Local News

  • Spencer ranks as state’s 11th healthiest county

    Spencer County ranks as Kentucky’s 11th healthiest county, according to the 2011 County Health Rankings released last week.
    According to the rankings, compiled by the University of Wisconsin Population Health Institute in collaboration with the Robert Wood Johnson Foundation, Boone County, in Northern Kentucky, is considered the state’s healthiest county while Owsley County, in Eastern Kentucky, is considered the least healthy.
    The report ranks over 3,000 counties from all 50 states on two distinct facets of health: outcomes and factors.

  • County to seek legal action against clerk

    The Spencer County Fiscal Court requested Monday that the county attorney take legal action against the county clerk on three separate matters.
    According to motions submitted during Monday’s meeting:
    - County Clerk Judy Puckett has refused to sign an ordinance passed by the fiscal court establishing a fee pooling and purchase order system in her office and has refused to turn over funds to the county treasurer;

  • ‘Extra hands’ needed at Lifelong Learning Center

    The Lifelong Learning Center in Taylorsville is looking for a couple of things that most citizens already have — a few free minutes a week and the skill set of reading.

  • Farmers Market to open April 23

    Vendors participating in the Spencer County Farmers Market are gearing up for another season of home-grown food and fun as the market is slated to open April 23.

  • POLL: Should the fiscal court add another magistrate?

    Do you think Spencer County has grown enough to have six magistrates instead of five?

    Click here to vote!

  • Down, and give me 20!

    Deputies with the Spencer County Sheriff’s Department observe and coach candidates who have applied for positions with the department during a pre-employment practice test earlier this month.

    Sheriff Buddy Stump said his office offered the practice test to give applicants an idea of what the real Peace Officer Professional Standards test will be like.

    Applicants completed several physical activities, including push-ups (as demonstrated here), running and weight lifting. Nine applicants went through the mock test, Stump said.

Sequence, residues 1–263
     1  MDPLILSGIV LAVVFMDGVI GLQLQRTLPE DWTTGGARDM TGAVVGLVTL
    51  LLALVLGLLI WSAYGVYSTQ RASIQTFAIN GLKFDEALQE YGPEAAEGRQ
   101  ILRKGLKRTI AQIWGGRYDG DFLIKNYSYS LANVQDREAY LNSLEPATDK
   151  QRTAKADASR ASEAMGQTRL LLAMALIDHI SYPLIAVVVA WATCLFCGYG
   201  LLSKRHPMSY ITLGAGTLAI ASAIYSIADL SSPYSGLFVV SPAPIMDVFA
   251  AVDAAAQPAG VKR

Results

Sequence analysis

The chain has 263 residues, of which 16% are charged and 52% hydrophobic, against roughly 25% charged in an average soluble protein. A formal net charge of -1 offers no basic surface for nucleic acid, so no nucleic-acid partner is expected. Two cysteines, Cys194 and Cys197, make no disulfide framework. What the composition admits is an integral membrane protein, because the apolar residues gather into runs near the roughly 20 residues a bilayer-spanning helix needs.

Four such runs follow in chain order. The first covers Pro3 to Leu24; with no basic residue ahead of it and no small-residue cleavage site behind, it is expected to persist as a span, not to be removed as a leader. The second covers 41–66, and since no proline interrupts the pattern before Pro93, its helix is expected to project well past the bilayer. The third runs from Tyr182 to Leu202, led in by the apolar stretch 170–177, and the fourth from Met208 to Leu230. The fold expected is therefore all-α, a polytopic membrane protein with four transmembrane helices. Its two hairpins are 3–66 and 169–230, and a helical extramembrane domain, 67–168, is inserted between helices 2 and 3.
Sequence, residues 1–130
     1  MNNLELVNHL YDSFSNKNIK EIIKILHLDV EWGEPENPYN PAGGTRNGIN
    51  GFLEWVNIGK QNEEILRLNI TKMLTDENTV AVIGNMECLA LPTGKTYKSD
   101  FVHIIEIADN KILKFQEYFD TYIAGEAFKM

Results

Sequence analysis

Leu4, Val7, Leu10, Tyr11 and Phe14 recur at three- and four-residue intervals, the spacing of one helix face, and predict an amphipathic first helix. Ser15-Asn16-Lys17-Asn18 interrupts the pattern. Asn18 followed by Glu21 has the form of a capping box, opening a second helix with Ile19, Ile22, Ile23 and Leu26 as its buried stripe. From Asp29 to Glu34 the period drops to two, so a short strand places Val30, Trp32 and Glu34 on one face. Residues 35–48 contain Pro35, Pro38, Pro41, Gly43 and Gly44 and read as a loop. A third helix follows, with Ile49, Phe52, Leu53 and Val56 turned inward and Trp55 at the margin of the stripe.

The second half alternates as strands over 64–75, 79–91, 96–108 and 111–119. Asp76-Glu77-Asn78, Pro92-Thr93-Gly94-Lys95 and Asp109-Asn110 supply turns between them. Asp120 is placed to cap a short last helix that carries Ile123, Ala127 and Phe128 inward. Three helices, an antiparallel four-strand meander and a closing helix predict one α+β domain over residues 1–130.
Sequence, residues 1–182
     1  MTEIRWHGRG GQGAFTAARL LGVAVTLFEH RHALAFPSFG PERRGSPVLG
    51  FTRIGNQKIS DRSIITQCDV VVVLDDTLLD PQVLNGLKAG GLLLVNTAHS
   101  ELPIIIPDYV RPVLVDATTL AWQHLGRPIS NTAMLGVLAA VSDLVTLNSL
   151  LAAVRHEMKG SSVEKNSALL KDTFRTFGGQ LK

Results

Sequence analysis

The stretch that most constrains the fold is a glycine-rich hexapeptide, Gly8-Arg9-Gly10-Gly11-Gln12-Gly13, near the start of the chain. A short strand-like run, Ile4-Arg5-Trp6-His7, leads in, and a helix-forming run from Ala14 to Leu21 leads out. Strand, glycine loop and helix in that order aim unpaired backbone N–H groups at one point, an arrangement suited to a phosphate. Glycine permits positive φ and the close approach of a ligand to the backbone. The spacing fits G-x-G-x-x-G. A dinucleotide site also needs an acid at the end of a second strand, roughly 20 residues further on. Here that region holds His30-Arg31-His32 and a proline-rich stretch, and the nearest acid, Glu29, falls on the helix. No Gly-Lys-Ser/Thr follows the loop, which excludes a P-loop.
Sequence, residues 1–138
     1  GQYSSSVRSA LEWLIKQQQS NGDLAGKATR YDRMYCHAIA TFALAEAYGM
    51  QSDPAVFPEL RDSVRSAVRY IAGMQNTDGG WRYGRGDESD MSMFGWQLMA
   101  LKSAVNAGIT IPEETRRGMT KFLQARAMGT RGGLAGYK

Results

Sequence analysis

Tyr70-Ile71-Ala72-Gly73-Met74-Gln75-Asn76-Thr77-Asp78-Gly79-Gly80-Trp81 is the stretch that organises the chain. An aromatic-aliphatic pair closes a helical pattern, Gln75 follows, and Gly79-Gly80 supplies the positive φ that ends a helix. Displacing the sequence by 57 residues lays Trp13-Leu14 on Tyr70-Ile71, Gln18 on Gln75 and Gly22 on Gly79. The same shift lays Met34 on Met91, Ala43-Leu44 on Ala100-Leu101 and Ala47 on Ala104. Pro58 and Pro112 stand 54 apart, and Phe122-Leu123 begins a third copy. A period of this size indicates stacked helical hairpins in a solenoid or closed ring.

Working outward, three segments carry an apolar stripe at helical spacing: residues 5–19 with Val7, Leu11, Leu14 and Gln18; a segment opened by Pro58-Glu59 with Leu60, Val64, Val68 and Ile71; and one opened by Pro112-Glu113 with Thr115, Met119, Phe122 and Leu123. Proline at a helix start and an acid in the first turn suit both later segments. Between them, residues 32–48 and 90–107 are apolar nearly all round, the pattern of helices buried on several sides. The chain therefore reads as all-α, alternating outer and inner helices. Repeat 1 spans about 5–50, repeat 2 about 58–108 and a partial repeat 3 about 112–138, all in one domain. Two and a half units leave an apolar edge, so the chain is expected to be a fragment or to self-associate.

• Growth to result in redistricting county

    Spencer County’s recent growth, as determined by the 2010 census, will most likely result in the redistricting of the county.
    “There will be redistricting,” said Judge-Executive Bill Karrer. “How dramatic that is, I don’t know.”
    Spencer County’s population is now 17,061 — which is a 45 percent increase from the 2000 census.
    Currently, the county is divided into five districts: Taylorsville, Waterford, Elk Creek, Campbranch and Little Mount/Mount Eden.

  • Adams gets new contract, benefits

    In what resulted in another controversial discussion surrounding Spencer County Schools Superintendent Chuck Adams’ contract, the board approved Thursday night the salary and benefits package that would be available to the superintendent during his next four years.
    Board members voted 3-2 to approve Adams contract, which included a yearly salary no less than $125,066, with the option to increase salary via a contract amendment.

  • State’s Medicaid cuts leave a bloody wound

    Yes, a deal was struck on how to fund the shortfall in the state’s Medicaid budget, but there appears to have been little closure on the issue – at least from Spencer County’s elected delegates.
    In a complicated and politically charged process, the Medicaid cuts were passed by the General Assembly last week, but the budget adjustments made to accommodate the $166 million shortfall were hardly those Republican lawmakers said they thought they were passing.

  • Emergency operations plan nears completion

    Efforts to update the city and county’s Emergency Operations Plan are moving quickly, with officials aiming to have the plan ready for approval at the state level by Friday.
    “Y’all are doing great,” John Bastin, the Kentucky Division of Emergency Management area coordinator, told officials at an emergency planning meeting March 18. “I’m surprised it’s come along this fast.”